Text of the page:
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The Drumboe Martyrs
Charlie Day, Sean Larkin, Daniel Enright and Timothy O'Sullivan
March marks the anniversary of the ending of the Civil War, a period, that can be described as probably one of the saddest and most tragic chapters of Irish history, witnessing many unnecessary deaths, in particular a series of callous executions of those opposed to the Treaty. The signing of the Treaty of 1921 merely served to be a burden of unfinished business for the generations in the following 80 years as the Treaty and Saorstát Éireann fell far short of the 32-county Republic so many men and women had made the ultimate sacrifice for. The irony of this period was that this time the war was against former comrades who were now prepared to accept partition forming part of the Free State a dominion, oath bound to the British monarchy and circumscribed by military guarantees to Britain. Comrades who fought shoulder to shoulder through years of struggle against a common enemy were now pitched in battle against each other in a war that divided families and friends in succeeding generations. Many of the finest men and women of a generation that had shown enormous talent and patriotic commitment were to meet their end in the Civil War, adding to the toll of our dead in 1916. An example of the divisions wedged between families was an incident involving Thomas Brady, a member of the IRA No.1 Dublin Brigade who took over the Four Courts on 13 April 1921. After three months of occupation and some intense fighting, the garrison was forced to surrender following the destruction of the Four Courts on 30 June by Free State Forces. Upon leaving the building Thomas Brady was arrested by his brother, a soldier of the Free State Army. A summation of the sadness and tragedy were the executions in December 1922 of Liam Mellows and Rory O'Connor. The latter had less than a year earlier, officiated as best man at the wedding of Kevin O'Higgins, the man who ordered the execution of his friend. In all, approximately 4,000 lives were lost in the Civil War between June 1922 and May 1923. Officially, there were 77 executions carried out by former comrades at various sites around the country, between 17 May 1922 and 2 May 1923, a further indication of the bitterness wedged between families, friends and comrades. County Donegal set the scene for the execution of four men in the grounds of Drumboe Castle near Stranorlar in March 1923, while another man, Hugh Gallagher from Derry, was shot while trying to escape from Drumboe Castle in December 1922. Following the outbreak of the Civil War in June 1922, Charlie Daly, O/C 2nd Northern Division, tried to halt the spread of the conflict between republicans and free state forces, but following an intensified campaign by Free State forces against republican garrisons, he had no option but to defend the republic in arms.
Sinn Féin's Pearse Doherty speaks at the Dumboe Martyrs Memorial in 2016
It was the hazards of the guerrilla struggle, firstly against the British and later against Free State forces, that brought together Comdt Gen Charlie Daly from Firies, Co Kerry; Brig Comdt Sean Larkin of Ballagherty, Co Derry; and Lieuts Dan Enright and Tim O'Sullivan, both from Listowel, Co Kerry. The small force of republicans in Donegal held out for a brief period before being compelled to withdraw to the mountains. On the night of 2 November 1922, following a tip-off from an informer, Free State forces from Falcarragh surrounded two houses belonging to John and Frank Sharkey at Mennabul, Dunlewey, in the shadow of Errigal mountain. There they found Charlie Daly, Sean Larkin, Dan Enright and Tim O'Sullivan along with six other men. The men were arrested before being taken to Drumboe Castle, where they were held for five months. On 18 January 1923 they received their sentence from a Military Court. The four young men were sentenced to death by firing squad. On the morning of 14 March 1923, some six weeks before the end of the Civil War, the four, Charlie Daly (26), Sean Larkin (26), Dan Enright (23) and Tim O'Sullivan (23), were marched from their cell at Drumboe Castle to an improvised firing range about 300 yards up a gently sloping field in the woods at Drumboe. It was at this spot that the four men were executed by a Free State firing squad and their bodies were thrown into a ready-made grave. In either late August or early September 1924, under the cover of night, the remains of the four men were disinterred from their dark and lonely graves at Drumboe and removed to Athlone Military Barracks. This was carried out without communication to the dead men's families. The following month, Free State forces admitted to disinterring the bodies of the men and notified their families that the remains would be released to families from Athlone's Custom Barracks. The bodies of all 77 men executed during the Civil War were released from prisons and military barracks around the country. The bodies of the Drumboe martyrs were received by family and relatives before being reinterred in their final resting places in their home counties of Derry and Kerry. The devotion of these men to their republican principles was never more evident than on that cold March morning in 1923, when the executors' volley rang out in the woods of Drumboe.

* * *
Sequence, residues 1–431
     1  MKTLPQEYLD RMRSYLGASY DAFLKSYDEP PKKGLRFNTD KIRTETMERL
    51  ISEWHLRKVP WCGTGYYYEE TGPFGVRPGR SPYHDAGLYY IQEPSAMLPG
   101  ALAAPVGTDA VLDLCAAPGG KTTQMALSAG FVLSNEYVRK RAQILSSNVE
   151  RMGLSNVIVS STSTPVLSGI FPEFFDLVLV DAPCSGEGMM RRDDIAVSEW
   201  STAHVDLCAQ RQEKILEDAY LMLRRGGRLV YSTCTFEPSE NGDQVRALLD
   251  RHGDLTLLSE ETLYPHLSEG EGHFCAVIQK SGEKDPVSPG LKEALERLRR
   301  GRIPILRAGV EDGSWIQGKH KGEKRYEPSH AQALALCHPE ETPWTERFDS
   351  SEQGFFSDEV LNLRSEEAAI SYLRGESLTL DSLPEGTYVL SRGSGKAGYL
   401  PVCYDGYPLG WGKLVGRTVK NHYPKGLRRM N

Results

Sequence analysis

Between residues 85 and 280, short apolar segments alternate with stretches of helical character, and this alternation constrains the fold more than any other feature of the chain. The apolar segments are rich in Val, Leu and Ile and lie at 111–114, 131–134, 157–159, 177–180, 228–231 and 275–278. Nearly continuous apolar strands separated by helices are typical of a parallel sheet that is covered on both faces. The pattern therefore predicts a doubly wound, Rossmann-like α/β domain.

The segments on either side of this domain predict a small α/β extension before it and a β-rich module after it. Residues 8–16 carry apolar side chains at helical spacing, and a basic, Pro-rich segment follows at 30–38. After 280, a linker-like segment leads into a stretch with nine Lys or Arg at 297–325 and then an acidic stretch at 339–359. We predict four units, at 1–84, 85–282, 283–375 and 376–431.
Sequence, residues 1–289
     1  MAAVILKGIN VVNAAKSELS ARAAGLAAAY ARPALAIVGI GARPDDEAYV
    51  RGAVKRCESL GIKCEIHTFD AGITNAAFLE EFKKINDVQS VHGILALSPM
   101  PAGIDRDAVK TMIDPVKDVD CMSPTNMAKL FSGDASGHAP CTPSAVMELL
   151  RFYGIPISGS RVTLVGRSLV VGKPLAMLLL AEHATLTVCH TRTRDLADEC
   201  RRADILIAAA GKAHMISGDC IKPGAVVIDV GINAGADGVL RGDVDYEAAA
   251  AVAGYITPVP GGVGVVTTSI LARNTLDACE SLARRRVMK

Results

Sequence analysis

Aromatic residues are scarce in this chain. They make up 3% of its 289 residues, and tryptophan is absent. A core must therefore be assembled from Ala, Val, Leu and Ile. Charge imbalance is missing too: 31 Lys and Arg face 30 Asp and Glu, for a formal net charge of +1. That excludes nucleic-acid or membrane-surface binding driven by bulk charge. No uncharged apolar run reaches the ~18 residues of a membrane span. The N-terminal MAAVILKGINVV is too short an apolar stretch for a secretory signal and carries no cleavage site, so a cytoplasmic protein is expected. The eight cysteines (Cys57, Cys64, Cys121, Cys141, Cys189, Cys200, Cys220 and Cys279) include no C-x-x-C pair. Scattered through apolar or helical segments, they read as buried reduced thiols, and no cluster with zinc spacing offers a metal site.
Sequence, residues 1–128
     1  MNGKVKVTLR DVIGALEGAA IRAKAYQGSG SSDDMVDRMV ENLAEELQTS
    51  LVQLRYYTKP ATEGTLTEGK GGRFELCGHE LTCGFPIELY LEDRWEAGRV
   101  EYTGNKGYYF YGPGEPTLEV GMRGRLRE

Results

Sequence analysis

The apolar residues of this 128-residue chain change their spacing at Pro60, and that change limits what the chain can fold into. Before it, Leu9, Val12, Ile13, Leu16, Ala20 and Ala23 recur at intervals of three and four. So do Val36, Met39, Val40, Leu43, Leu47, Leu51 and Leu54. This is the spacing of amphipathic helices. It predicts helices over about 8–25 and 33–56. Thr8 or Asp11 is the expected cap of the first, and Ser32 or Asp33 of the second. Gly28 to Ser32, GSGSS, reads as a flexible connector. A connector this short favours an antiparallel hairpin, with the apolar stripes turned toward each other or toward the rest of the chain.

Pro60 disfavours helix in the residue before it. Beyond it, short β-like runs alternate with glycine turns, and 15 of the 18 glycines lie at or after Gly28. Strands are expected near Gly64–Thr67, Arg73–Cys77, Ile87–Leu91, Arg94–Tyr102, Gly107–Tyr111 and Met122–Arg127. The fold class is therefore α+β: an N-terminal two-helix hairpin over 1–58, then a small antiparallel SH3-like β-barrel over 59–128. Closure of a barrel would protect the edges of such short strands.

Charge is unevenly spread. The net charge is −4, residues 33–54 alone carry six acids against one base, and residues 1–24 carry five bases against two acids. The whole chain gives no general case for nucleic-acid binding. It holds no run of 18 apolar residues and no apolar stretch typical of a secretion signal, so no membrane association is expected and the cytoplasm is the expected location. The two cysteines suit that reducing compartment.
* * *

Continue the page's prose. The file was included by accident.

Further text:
This article was first published in An Phoblacht in 2003